The perceived link between creativity and mental illness has existed in popular culture for many centuries. The image of a tortured artist is a stereotype we are all familiar with, but to what extent is it realistic?
According to a recent study carried out by researchers from the Karolinska Institute, Gothenburg University and Uppsaala University in Sweden, in general people in creative professions actually do not have a greater chance of suffering from a psychiatric condition than anyone else. But there was one significant exception: writers in particular were found to be more likely to suffer disorders such as schizophrenia and depression.
The study, which was published in the Journal of Psychiatric Research, utilized Swedish health records providing diagnoses at discharge for all hospital inpatients between 1973 and 2009.
Over one million people were identified as having been diagnosed with various mental illnesses ranging from schizophrenia to anorexia nervosa. The frequency of creative people (defined as anyone in an artistic or scientific occupation) among this group was then compared to that of a matched sample of ‘healthy’ people. The results showed that creative people were not more susceptible to psychiatric disorders when compared to the control sample, but that writers specifically were twice as likely to suffer from bipolar disorders and schizophrenia, and additionally had a greater chance of suffering from depression and anxiety. Substance abuse and rates of suicide were also higher for writers, and this certainly fits the tumultuous history of literary figures including Virginia Woolf, Sylvia Plath and Ernest Hemingway, who all famously and tragically took their own lives.
Mark Millard, member of the British Psychological Society, asserts that the association with mental illness may provide an explanation as to the driving motivation that many creative writers posses: “Creativity is uncomfortable. It is their dissatisfaction with the present that drives them on to make changes. Creative people, like those with psychotic illnesses, tend to see the world differently to most. It’s like looking at a shattered mirror. They see the world in a fractured way. There is no sense of conventional limitations and you can see this in their work.” Past investigations have shown that brain scans show significant similarities between the mental pathways of schizophrenics and those who are highly creative: both lack receptors which usually filter and direct thought. Each group was found to have a lower than average concentration of dopamine receptors in the thalmus, which serves as a filter for information signals before they reach further areas of the cortex. This uninhibited mental processing results in a striking ability to make unusual associations and original conclusions, a vital tool in the writer’s kit, but one that ultimately produces unhealthy, disturbing thoughts in schizophrenia sufferers.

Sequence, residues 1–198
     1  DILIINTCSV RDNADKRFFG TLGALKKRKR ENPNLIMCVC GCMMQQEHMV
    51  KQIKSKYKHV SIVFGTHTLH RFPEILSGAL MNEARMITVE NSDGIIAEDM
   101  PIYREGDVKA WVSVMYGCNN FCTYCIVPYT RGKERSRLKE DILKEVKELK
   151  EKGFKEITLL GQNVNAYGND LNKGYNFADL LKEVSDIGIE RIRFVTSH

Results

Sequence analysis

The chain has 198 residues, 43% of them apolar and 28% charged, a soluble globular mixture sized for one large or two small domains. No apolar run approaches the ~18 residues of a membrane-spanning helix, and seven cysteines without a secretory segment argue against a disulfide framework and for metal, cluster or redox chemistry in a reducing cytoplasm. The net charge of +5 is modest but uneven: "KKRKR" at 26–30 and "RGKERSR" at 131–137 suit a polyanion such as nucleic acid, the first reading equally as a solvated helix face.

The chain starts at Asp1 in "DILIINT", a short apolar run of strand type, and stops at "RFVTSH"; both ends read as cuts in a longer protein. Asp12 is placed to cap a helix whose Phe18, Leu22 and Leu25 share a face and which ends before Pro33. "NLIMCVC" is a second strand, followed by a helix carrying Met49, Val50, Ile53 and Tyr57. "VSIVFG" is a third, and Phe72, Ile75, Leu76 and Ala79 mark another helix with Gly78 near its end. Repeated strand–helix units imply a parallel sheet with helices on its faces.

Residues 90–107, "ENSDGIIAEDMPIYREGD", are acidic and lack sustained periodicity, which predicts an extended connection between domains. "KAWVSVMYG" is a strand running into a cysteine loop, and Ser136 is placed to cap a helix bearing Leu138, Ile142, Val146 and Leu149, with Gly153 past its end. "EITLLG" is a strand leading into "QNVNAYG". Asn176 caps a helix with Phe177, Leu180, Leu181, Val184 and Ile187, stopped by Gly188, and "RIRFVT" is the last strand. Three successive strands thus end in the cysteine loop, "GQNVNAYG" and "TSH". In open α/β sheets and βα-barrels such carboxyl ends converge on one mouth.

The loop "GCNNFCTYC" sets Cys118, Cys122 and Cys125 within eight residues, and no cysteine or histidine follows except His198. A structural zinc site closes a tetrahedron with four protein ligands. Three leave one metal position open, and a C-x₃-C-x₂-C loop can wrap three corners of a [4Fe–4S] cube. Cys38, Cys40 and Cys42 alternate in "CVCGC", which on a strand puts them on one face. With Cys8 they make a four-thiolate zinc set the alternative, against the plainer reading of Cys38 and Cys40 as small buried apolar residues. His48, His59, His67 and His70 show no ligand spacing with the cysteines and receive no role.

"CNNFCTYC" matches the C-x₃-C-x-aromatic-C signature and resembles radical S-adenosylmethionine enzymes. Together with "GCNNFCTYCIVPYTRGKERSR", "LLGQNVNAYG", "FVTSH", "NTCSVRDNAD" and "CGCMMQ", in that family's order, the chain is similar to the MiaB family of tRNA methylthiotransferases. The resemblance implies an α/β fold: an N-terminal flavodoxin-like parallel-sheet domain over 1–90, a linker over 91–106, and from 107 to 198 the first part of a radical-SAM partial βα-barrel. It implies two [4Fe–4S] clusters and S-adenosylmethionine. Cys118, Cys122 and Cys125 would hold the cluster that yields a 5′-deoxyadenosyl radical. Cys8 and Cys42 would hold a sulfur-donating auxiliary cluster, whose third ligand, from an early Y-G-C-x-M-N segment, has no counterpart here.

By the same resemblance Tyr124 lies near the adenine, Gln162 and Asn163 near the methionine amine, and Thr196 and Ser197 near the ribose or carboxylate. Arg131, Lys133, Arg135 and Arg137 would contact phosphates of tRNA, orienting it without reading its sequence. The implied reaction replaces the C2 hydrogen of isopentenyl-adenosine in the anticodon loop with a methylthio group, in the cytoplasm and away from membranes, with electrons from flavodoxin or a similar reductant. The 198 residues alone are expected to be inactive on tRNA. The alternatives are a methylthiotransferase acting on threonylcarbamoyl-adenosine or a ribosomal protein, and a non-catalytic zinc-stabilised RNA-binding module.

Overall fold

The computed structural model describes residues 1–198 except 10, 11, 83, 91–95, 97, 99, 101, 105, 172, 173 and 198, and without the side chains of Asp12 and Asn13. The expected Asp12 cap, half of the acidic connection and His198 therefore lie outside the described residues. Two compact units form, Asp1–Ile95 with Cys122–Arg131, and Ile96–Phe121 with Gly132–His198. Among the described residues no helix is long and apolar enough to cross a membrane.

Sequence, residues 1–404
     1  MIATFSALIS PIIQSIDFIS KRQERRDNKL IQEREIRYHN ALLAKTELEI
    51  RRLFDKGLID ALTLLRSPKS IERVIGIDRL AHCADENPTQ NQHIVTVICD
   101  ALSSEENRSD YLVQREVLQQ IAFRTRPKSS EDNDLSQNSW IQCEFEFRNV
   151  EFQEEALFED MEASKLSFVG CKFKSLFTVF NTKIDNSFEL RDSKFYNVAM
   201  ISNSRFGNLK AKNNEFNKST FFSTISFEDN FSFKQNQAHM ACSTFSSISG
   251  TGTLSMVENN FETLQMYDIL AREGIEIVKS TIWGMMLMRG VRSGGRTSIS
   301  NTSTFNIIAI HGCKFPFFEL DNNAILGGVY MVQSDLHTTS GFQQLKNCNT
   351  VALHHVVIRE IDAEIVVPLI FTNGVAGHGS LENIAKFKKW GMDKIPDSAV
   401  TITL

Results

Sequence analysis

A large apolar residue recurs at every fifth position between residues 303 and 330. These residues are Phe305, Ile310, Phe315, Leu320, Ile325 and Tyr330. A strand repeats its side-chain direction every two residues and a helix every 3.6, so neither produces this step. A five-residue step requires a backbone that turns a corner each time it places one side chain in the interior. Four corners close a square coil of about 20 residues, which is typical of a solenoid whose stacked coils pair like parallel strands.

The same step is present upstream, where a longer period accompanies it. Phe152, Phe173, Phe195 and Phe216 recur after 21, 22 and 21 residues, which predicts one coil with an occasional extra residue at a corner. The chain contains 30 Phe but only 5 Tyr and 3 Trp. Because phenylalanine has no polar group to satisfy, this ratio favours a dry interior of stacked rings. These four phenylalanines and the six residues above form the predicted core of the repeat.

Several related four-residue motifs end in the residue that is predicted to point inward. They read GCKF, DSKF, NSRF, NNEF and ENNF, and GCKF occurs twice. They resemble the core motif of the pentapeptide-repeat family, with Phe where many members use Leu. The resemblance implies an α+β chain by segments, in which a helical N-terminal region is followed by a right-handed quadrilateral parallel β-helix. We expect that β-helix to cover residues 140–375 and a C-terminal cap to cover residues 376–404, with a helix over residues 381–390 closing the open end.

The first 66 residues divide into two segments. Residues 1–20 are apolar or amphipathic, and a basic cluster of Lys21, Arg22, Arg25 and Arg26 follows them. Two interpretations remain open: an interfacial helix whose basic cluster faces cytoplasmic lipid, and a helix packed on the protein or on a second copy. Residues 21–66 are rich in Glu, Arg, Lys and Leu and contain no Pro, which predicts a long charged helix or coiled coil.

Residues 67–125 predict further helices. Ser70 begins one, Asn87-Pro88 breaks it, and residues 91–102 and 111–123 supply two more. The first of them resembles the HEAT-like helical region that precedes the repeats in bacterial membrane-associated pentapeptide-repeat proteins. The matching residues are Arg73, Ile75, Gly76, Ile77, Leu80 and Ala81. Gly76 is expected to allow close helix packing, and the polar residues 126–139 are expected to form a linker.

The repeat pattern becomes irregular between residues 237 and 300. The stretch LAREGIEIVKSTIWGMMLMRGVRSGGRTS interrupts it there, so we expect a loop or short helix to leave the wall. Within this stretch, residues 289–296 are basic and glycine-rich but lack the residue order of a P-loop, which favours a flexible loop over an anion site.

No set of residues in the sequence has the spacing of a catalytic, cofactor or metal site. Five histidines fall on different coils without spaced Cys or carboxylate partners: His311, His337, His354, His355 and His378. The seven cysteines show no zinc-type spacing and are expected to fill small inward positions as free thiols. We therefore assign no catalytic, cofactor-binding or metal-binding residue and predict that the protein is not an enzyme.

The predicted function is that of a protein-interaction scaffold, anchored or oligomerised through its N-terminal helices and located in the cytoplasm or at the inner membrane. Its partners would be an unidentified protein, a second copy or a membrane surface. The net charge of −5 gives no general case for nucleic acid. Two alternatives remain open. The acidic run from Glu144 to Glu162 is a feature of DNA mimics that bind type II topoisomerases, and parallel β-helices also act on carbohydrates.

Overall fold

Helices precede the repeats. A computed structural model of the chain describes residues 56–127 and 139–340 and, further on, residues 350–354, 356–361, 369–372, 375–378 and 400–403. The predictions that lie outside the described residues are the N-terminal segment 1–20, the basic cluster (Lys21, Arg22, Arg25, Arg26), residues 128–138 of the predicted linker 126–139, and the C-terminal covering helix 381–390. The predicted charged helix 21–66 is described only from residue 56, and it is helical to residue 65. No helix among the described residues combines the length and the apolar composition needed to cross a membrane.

But what conclusions can we draw from the latest statistics from Sweden? The difficulty is determining whether a focus on writing itself could produce mental issues, or whether psychiatric problems result in the sufferers seeking to express their world view through this creative medium.
Lead researcher Dr Simon Kyaga at the Karolinska Institute suggests that these findings should encourage us to alter our attitude towards mental disorders: “If one takes the view that certain phenomena associated with the patient’s illness are beneficial, it opens the way for a new approach to treatment. In that case, the doctor and patient must come to an agreement on what is to be treated, and at what cost. In psychiatry and medicine generally there has been a tradition to see the disease in black-and-white terms and to endeavour to treat the patient by removing everything regarded as morbid.”
Image by Taylor Liberato